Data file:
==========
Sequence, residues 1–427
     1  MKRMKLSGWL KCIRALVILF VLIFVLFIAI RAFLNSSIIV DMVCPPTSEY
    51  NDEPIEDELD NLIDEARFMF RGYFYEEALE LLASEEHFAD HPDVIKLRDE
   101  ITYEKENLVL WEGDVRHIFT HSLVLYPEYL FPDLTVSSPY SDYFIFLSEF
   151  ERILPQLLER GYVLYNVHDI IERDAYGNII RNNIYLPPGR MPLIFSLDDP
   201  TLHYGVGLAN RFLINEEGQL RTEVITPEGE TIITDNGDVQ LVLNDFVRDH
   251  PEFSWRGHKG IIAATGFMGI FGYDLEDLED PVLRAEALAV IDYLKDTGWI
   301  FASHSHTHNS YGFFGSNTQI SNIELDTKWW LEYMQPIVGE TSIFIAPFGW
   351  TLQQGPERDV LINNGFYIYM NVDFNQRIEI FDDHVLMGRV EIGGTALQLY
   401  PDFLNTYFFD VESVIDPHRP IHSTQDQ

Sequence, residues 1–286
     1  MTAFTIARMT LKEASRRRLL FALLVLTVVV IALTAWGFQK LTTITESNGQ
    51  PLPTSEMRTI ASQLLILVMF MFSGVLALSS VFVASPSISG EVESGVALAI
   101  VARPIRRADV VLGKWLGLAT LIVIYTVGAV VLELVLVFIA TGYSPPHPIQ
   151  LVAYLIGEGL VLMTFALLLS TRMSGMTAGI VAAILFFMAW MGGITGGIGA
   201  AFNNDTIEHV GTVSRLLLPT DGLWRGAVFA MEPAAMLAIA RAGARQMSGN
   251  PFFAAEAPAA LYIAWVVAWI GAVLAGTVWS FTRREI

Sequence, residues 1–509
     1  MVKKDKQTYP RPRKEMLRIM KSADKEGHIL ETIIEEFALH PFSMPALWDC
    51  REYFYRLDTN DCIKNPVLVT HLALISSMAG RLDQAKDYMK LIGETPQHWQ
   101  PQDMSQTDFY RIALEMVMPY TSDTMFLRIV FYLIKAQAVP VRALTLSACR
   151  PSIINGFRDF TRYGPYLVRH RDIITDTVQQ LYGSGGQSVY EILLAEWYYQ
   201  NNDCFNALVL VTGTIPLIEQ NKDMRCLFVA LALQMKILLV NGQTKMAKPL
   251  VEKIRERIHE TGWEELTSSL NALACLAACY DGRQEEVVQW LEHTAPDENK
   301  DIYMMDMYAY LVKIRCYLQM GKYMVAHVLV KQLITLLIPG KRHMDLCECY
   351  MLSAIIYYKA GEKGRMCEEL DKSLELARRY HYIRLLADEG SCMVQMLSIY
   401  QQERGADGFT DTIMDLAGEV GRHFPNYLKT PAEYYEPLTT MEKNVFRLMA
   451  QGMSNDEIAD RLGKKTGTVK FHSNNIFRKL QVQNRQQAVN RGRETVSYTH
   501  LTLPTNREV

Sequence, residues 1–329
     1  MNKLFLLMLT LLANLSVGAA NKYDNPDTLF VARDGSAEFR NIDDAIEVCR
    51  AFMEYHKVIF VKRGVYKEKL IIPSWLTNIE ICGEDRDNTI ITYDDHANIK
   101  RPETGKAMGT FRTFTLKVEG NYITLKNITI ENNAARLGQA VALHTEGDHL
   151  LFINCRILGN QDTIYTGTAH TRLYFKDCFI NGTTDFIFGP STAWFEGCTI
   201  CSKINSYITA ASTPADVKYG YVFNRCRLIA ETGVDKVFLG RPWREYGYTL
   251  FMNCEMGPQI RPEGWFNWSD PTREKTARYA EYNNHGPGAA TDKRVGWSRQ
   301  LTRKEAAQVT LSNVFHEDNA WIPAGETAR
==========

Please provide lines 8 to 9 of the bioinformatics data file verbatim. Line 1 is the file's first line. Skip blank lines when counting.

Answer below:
   301  FASHSHTHNS YGFFGSNTQI SNIELDTKWW LEYMQPIVGE TSIFIAPFGW
   351  TLQQGPERDV LINNGFYIYM NVDFNQRIEI FDDHVLMGRV EIGGTALQLY